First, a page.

It’s not that the “great rotation” isn’t happening; it’s just that it’s not happening as most investors expected. That’s the idea put forth by Sanford Bernstein analyst Luke Montgomery, one he says will result in a lot disappointment for those expecting a boost in equity prices as a result.
The great rotation, a term almost as ubiquitous as the “New Normal” in the years since the economic crisis and rebound, describes the exit from bonds as yields scrape bottom and interest rate risk rises.
“A rotation mental model may stem from incomplete notions of supply, demand, pricing and flows in capital markets,” Luke Montgomery, an analyst at the New York-based firm covering asset managers, wrote Friday in a note to clients.
Montgomery cited “misconceptions over what happens when one investment type appears to win favor at the expense of another, saying there’s no automatic correlation between the migration of money and asset prices,” according to Bloomberg, who received a copy of the report. He also disputed the notion that individual investors are holding less in stocks than they have historically, supposedly setting up a major shift.
In the report, Montgomery questioned how much of a rotation can occur and what its impact would be. According to the news service, “he took aim at the argument that high levels of bank deposits and bond mutual fund assets created by the U.S. Federal Reserve’s stimulus efforts might suddenly pour into stocks.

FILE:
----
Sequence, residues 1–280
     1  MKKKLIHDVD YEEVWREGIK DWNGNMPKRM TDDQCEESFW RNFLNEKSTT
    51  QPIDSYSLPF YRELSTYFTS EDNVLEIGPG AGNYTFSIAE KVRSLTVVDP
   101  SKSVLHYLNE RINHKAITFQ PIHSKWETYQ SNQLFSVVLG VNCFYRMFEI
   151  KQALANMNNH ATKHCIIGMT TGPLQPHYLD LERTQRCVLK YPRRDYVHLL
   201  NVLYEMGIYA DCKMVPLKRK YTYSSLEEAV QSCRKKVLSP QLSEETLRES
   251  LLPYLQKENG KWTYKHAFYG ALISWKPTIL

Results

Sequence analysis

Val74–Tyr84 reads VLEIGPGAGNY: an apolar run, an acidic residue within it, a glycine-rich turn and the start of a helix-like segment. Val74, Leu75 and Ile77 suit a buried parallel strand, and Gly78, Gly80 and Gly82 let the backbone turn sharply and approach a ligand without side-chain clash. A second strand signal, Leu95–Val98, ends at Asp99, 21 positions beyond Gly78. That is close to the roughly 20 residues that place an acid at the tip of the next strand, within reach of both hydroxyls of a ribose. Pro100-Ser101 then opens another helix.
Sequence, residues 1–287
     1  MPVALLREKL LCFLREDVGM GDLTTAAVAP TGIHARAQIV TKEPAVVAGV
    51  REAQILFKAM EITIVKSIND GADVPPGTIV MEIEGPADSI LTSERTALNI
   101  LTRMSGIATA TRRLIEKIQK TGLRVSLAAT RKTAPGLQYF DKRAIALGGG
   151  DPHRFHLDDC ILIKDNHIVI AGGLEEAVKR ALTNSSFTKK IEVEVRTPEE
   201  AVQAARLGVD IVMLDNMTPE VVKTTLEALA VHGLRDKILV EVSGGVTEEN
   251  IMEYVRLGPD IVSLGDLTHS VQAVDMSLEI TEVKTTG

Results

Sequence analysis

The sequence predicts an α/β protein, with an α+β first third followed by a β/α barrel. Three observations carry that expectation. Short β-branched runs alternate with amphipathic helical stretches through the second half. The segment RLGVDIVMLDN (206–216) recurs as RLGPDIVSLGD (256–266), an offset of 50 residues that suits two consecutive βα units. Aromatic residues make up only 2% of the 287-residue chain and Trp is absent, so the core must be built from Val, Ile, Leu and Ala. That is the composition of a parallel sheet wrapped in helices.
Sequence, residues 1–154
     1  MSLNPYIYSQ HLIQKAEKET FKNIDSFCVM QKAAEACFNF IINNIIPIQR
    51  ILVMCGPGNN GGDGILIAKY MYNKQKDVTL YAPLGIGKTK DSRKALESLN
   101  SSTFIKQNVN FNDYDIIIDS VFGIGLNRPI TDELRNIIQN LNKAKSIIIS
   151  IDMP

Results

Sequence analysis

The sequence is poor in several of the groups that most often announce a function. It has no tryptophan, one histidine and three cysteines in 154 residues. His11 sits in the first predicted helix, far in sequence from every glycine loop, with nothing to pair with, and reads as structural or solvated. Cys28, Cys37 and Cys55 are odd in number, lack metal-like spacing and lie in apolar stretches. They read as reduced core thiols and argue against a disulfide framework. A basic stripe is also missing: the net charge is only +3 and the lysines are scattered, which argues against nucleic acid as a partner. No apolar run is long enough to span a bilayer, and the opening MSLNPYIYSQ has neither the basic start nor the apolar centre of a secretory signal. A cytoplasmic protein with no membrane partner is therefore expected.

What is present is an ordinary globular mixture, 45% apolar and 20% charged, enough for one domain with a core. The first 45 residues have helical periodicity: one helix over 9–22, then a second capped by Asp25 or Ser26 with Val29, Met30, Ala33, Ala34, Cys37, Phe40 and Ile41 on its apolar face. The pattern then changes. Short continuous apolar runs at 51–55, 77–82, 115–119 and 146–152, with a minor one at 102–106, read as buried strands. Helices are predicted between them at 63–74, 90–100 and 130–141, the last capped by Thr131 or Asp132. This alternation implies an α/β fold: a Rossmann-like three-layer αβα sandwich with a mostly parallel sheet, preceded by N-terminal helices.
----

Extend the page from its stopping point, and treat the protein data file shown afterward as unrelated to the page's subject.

“While quantitative easing floods investors with liquid financial assets and can inflate other asset values, this does not mean deposits in aggregate then become a latent source of funds for risk assets,” Montgomery wrote.
What’s more, he said, bonds can drop in value without money flowing into other assets.
“Wealth destruction in bonds can be an independent event — bond wealth can simply evaporate and need not be offset by wealth created in equities, or any other asset class,” he added, according to Bloomberg. “Once the rate hike cycle begins, there is a far wider range of possibilities for the future market values of (and allocations to) cash, bonds and equities than may be envisioned by the great rotation mental model.”
Money managers and related industry experts have debated the timing and severity of the great rotation since the term was first introduced by Bank of America Merrill Lynch analysts in 2011.
“The great rotation is a ridiculous notion. It’s utterly illogical,” DoubleLine’s Jeffrey Gundlach said in April. “You could also call it a great rotation into bonds from stocks.”
More recently, however, TrimTabs Investment Research said indicators were “very strong” the great rotation has begun, citing U.S. equity mutual funds and exchange-traded funds received a record $40.3 billion in July, easily surpassing the previous record of $34.6 billion in February 2000.
“We’re really only a few months of these heavy flows, but yes, the ‘great rotation’ so many pundits have been expecting may finally be starting,” David Santschi, TrimTabs CEO, told ThinkAdvisor over the summer. “In June and July, U.S. equity funds posted an inflow of $39.9 billion, while bond funds redeemed $90.1 billion.”
Check out DoubleLine’s Gundlach Crushes Notion of Great Rotation, Bond Bubble on ThinkAdvisor.